This article first appeared in The Edge Malaysia Weekly on October 30, 2023 - November 5, 2023
IN less than three years, Malaysia has attracted RM76 billion worth of investments related to data centre (DC) development. The staggering amount is mind blowing, which begs the question of whether there is enough demand to support the supply of DCs coming on stream.
There are currently more than 40 DCs operating in Malaysia, with capacities of between 100mw and 150mw. But that number is about to be dwarfed by the DC development in the pipeline, which is expected to see an additional capacity of 1,400mw over the next five to 10 years (see table). That is more than 14 times the current capacity, which took almost 20 years to build.
This number does not include the capacity that will be added by international players such as global digital infrastructure company Equinix Inc, Microsoft Corp and Amazon Web Services (AWS) that have announced their commitment to invest in Malaysia. However, details of their investments have yet to be announced.
The booming demand for DCs in Malaysia coincides with a three-year moratorium on new DC builds in Singapore, which was lifted in December 2022. Initially enacted in 2019, the moratorium was a response to the considerable energy consumption associated with DCs. Even though the moratorium has ended, the total allocated capacity is capped at 60mw per year for new applications.
For perspective, DCs are crucial components that support digital infrastructure, including the internet, cloud computing and other IT services. These are where digital data is stored, managed and processed. Essentially, these hold powerful computers that store and distribute a high volume of information at high speeds.
There are two kinds of DC operations — DC colocation and hyperscale DC. In the past, most DCs were built to focus mainly on DC colocation, which is a service provided by DC operators to companies that would rent space, power and connectivity in the DC to host their own servers and IT equipment. As a result, the growth in DC capacity has been in stages, depending on the digitalisation efforts of these companies.
Hyperscale DCs are typically massive and purpose-built facilities designed to support the tremendous computing and storage demands of cloud computing, big data and other data-intensive applications. Major investors in hyperscale DCs are usually large technology players such as Apple, Microsoft, AWS, Facebook, Alibaba, Tencent, ByteDance and TikTok.
The recent spike in DC capacity can be attributed to the boom in cloud services, big data processing and advanced technology adoption that is driving the demand for hyperscale DCs.
Hyperscale DC capacity requires hundreds of thousands to millions of square feet to house tens of thousands to hundreds of thousands servers. The electricity capacity, measured in megawatts, can range from a few megawatts for smaller hyperscale DCs to hundreds of megawatts for larger operations.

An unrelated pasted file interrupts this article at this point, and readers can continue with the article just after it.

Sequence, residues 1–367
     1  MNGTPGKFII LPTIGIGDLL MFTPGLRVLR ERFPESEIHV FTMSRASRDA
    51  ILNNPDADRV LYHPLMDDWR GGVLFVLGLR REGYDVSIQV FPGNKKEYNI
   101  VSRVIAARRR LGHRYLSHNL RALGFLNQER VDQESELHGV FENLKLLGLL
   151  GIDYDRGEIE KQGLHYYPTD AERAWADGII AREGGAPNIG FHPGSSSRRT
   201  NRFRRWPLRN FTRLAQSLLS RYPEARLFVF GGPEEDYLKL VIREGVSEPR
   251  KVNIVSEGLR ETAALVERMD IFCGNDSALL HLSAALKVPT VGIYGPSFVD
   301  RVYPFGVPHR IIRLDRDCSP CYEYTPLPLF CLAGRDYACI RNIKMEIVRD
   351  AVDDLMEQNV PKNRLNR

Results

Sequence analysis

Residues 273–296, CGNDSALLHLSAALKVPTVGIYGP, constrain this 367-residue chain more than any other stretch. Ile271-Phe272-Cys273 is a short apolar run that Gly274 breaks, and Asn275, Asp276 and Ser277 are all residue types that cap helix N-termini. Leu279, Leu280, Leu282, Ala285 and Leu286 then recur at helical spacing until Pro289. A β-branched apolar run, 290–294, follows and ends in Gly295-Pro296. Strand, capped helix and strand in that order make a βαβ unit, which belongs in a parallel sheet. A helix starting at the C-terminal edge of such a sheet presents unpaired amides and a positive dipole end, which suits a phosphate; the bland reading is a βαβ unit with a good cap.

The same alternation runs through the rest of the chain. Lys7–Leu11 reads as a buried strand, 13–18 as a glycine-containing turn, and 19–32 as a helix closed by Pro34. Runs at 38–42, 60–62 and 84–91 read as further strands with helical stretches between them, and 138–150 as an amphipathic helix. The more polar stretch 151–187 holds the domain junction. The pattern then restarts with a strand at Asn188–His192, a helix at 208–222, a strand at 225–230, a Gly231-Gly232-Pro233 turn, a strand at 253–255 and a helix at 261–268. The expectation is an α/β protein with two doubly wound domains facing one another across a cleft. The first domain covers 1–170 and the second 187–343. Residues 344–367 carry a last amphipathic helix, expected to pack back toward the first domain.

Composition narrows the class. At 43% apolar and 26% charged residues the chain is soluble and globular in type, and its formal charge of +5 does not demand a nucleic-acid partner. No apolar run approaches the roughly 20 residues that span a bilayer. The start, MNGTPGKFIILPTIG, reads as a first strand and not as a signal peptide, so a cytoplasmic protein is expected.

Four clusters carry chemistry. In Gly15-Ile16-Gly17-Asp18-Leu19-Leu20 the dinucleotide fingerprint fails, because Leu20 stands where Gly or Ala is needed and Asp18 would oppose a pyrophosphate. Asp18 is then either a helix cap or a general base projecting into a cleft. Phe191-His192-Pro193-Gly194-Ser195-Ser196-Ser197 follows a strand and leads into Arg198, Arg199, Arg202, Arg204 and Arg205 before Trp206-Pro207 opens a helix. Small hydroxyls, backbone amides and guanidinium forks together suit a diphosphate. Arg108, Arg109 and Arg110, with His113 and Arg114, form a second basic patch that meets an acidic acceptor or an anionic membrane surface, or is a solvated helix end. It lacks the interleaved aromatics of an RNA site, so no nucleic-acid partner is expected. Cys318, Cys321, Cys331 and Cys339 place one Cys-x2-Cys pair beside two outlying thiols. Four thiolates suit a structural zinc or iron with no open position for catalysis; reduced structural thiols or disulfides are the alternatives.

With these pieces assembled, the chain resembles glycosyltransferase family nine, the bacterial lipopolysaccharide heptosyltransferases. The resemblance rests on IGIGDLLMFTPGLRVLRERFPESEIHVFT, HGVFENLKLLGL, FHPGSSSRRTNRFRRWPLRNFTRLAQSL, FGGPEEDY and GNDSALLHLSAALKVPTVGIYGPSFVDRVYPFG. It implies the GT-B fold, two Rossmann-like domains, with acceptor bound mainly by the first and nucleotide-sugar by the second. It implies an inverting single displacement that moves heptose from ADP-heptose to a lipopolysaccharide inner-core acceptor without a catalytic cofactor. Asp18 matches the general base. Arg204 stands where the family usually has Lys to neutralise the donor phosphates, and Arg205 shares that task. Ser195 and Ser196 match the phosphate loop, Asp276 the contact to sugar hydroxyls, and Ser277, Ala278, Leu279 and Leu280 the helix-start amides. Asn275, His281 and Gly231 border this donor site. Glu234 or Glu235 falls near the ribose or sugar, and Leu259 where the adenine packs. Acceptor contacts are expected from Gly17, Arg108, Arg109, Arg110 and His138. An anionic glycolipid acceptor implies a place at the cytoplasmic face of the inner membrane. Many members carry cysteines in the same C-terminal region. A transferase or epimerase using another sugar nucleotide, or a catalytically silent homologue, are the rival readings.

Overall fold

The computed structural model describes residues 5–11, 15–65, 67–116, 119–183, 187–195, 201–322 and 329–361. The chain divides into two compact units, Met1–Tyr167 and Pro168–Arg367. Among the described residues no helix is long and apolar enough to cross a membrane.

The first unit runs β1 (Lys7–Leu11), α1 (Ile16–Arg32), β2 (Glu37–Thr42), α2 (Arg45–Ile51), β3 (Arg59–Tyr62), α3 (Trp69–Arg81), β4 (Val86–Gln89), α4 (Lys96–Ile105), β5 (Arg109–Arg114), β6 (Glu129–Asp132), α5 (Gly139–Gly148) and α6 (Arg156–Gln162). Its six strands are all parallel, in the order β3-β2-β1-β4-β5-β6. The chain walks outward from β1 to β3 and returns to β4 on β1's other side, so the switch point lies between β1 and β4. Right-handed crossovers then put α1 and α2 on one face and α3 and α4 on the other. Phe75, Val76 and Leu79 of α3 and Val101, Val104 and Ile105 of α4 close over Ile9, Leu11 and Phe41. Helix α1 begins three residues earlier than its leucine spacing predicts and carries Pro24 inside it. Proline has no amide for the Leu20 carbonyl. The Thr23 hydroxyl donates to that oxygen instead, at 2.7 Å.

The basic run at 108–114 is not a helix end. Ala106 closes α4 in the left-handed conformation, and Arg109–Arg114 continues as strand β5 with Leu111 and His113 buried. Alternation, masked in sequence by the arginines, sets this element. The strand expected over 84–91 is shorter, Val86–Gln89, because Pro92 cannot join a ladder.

A market observer says it seems like there is a “gold rush” for DC development in Malaysia and if not managed properly could result in an oversupply of DC operations.
“There is no doubt that demand for data is increasing, but the amount of new capacity coming in is exponential compared with what the DC industry has been experiencing. The current capacity of about 100mw took 20 years to build,” he tells The Edge.
“Everybody wants to have a slice of the DC [action] and then we also have hyperscalers that manage only a handful of customers. These companies can just one day decide to change to a different location when their contract ends,” he warns.
International companies such as US-based Equinix, China-based Yondr Group, Bridge Data Centres and Keppel Data Centres are among the early movers in the DC market in Johor. According to Knight Frank Malaysia, these companies have said they would secure multi-megawatt hyperscale contracts from Chinese or Western cloud companies.
In the past, Cyberjaya, Selangor, was the preferred location for DC operations. But that has changed over the years. Knight Frank data show that an estimated 712mw of capacity is being developed in Johor from 33mw currently, thanks to the state’s proximity to Singapore.
“Currently, the market has 33mw of live and pipeline capacity, with most of the facilities under construction or in the planning stages. These facilities are primarily build-to-suit for Western and Chinese cloud providers, as well as regional tech companies,” it said in a research report on DCs in Malaysia.
A notable local player that is making waves in Johor is YTL Power International Bhd (YTLP) through its unit YTL Data Center Holdings Pte Ltd. YTLP has announced plans to develop a 500mw DC park dubbed the “Green Data Center Park”, with an estimated investment of RM15 billion spanning seven years. The company will invest about RM1.5 billion for the first phase of the project, which will feature a Tier 3 DC facility that will have a 72mw capacity. The project is expected to be ready by March next year.
YTLP managing director Datuk Yeoh Seok Hong points out that Johor has become an ideal location for DC development due to its infrastructure and geographical advantage, as well as capacity constraints of DCs in Singapore, leading to an overflow in demand.